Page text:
This week, we attempt to answer the eternal question: what is art? Also in this edition, the rhetorical query: why do I insist on writing in French when I never learned how to speak it?

The Mind the Gap prompt: “Are animated GIFs the stuff of junior highschool hijinks or, are they the political cartoons of the new millenium? What do you think?” (Let’s choose to disregard the fact that The Daily Post misspelled millennium, shall we? Tsk tsk.)

Once again, there is a poll attached to the prompt, and once again, I do not strictly agree with any of the options:

I chose the first answer because it was the closest, but it seems as if “political cartoons” is haphazardly wedged into the “Art or Not?” bucket. Hell, “Are political cartoons art?” could very well be its own contentious poll. My point is, there is more to the category of art than political cartoons. That said, the third answer could apply as well. When most people think of GIFs, they probably think of a short loop of FAIL, a smiley face waggling its tongue or something equally ridiculous. However, there’s more to GIFs than run of the mill cat videos.

So, what is an animated GIF? It stands for Graphic Interchange Format. It’s one of the oldest file formats, created in 1987. It has been around longer than the internet, but it is the perfect format for it since it supports animation. Those ancient internet logos of spinning globes and shooting stars that you remember from the days of yore? Those are all animated GIFs.

As with most mediums, there’s a trial and error period where a lot of nonsense is created. As the medium is refined over the course of time, it elevates itself, or more often than not, it dies out altogether. The animated GIF is at an interesting point right now. It has moved through trial and error into the beginnings of an artform. There are artists out there who are making some amazing creations with movement. There’s even a new name for one variety: the cinemagraph, which combines still photography with movement. A cinemagraph, at its core, is still an animated GIF, in the same way that a paint by numbers is the same as a Rembrandt. They use the same medium, but that’s where the similarity ends.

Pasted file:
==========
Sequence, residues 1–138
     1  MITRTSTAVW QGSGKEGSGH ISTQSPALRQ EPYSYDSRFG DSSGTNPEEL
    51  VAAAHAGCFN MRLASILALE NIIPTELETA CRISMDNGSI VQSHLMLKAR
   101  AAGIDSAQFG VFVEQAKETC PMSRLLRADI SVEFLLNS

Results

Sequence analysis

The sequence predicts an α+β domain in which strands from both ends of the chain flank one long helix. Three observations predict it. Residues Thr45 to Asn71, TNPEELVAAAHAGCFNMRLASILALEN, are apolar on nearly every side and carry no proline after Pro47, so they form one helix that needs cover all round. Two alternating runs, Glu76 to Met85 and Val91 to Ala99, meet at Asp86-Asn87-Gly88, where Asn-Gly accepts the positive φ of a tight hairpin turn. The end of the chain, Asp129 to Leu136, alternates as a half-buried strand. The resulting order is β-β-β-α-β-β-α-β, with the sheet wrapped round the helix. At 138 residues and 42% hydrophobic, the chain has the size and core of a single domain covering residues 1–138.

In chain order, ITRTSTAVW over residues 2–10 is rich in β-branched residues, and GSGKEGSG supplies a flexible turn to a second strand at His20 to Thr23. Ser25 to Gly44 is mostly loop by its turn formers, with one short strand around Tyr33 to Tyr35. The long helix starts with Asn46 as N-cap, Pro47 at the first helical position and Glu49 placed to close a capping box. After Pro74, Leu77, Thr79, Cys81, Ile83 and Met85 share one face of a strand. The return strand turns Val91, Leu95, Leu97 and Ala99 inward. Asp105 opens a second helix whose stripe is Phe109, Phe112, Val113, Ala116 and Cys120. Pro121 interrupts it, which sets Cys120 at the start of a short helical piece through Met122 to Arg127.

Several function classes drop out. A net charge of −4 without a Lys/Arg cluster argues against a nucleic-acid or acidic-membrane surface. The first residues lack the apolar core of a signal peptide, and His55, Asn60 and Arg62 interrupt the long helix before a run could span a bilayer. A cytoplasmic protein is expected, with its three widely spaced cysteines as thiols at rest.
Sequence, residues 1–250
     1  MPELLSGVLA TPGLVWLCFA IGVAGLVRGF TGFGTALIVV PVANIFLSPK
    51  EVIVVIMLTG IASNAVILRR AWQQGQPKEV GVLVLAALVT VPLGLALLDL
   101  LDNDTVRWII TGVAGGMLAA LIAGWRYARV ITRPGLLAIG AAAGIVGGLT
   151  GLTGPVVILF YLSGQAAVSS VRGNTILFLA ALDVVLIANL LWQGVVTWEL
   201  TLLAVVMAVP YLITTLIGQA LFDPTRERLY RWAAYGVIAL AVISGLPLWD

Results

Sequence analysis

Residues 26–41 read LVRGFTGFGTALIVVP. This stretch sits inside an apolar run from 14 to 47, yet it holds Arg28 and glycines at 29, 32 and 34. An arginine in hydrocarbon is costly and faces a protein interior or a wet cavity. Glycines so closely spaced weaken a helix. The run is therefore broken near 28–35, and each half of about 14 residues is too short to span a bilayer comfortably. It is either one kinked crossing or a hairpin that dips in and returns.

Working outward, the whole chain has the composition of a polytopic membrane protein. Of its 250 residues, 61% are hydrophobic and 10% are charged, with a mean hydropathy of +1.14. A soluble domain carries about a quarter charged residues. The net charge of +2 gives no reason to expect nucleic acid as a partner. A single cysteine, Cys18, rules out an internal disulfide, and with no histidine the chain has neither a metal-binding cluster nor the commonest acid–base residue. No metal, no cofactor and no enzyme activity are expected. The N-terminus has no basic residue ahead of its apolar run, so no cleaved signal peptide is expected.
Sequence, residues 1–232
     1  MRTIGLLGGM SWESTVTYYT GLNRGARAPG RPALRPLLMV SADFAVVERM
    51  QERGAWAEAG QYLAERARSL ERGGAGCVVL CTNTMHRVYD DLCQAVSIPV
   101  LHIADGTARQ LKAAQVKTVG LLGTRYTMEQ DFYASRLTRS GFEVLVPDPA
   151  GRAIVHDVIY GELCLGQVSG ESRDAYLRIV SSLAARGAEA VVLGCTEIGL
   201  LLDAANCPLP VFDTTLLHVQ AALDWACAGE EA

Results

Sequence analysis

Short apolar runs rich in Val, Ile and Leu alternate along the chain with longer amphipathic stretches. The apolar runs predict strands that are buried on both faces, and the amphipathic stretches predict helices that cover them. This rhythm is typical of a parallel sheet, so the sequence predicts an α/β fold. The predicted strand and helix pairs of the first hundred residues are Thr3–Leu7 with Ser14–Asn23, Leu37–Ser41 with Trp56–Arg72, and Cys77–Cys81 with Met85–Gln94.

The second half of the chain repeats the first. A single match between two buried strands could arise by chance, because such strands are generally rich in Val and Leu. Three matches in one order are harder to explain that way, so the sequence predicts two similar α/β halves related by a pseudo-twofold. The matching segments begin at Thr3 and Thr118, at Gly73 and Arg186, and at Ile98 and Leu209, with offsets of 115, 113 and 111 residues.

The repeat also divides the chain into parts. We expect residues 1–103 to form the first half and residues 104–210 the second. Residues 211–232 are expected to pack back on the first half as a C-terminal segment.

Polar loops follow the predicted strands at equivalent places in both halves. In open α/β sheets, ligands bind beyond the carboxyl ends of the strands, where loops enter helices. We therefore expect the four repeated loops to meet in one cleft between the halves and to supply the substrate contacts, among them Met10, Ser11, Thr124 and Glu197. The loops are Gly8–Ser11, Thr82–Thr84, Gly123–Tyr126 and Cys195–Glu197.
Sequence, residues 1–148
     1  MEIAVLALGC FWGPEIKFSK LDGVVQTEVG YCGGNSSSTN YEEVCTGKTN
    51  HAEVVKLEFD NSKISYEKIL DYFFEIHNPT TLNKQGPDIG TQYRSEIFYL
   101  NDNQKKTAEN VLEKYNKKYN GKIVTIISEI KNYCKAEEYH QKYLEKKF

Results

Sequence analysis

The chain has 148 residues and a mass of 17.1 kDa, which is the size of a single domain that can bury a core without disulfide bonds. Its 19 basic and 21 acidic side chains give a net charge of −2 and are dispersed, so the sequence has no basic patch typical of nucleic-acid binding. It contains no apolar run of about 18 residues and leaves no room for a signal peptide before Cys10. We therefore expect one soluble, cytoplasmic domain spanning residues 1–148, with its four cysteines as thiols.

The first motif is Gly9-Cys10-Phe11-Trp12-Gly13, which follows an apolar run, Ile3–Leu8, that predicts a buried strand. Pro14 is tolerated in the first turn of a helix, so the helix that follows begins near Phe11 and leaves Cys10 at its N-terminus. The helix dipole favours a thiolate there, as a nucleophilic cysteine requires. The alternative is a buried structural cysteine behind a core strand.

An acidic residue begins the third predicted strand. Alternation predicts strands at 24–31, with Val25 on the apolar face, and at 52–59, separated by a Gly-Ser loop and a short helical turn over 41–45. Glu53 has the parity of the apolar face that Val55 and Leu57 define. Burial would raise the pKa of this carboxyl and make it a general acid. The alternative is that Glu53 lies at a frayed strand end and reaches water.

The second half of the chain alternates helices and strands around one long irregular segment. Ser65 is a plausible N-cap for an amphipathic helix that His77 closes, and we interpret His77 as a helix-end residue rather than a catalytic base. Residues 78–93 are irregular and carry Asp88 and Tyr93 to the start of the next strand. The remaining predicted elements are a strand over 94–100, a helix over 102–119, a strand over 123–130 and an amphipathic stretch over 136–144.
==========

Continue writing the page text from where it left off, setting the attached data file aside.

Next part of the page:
As far as I can tell, Jamie Beck and Kevin Burg were the first to use this technique. At least, theirs were the first I saw and they are still some of the best I’ve seen.

Jamie Beck and Kevin Burg annstreetstudio.com.

Jamie Beck and Kevin Burg annstreetstudio.com.

But, as with any new thing, everyone has to try it. A lot of cinemagraphs are ripped right from films, which makes sense since film is perfect for the format. This particularly creepy one was stolen from Kubrick’s The Shining:

Image from iwdrm

My favorites are the ones where the movement is so subtle that you have to really look to see it…

Image from deviantart

…Or where there should be lots of movement, as with people, but there is hardly any.

Image from Gizmodo.

Another of my favorite photography techniques that you’ll find just making its way into GIF format is Tilt Shift. It’s a style of photography that makes everything looks like it’s from a model instead of the real world.

By Gee Willi. Image from andreainspired.

There are artists who are branching out from still photography and creating moving artworks, sometimes intended to convey a social or cultural message. These still use the exact same format, that of GIF, as the base:

‘CARGO Hyperbole 1’ by James Jirat. Image from Juxtapoz.

‘Salvador Tunnel’, Salvador, Brazil, by David Copithorne. Image from designbloom

‘The Wall’ by Kennard Phillipps.

So, if you ask me whether animated GIFs are art, I say, emphatically, yes. If you ask me whether they are the new political cartoons, I might answer in the affirmative depending on the GIF. I don’t expect GIFs to replace the political cartoon anytime soon. The animated GIF has been around for decades, but only now, is it reaching its apex. Only now is it showing what it’s truly capable of. It is proving to all of us that it has a lot to say and I can’t wait to see where it goes next.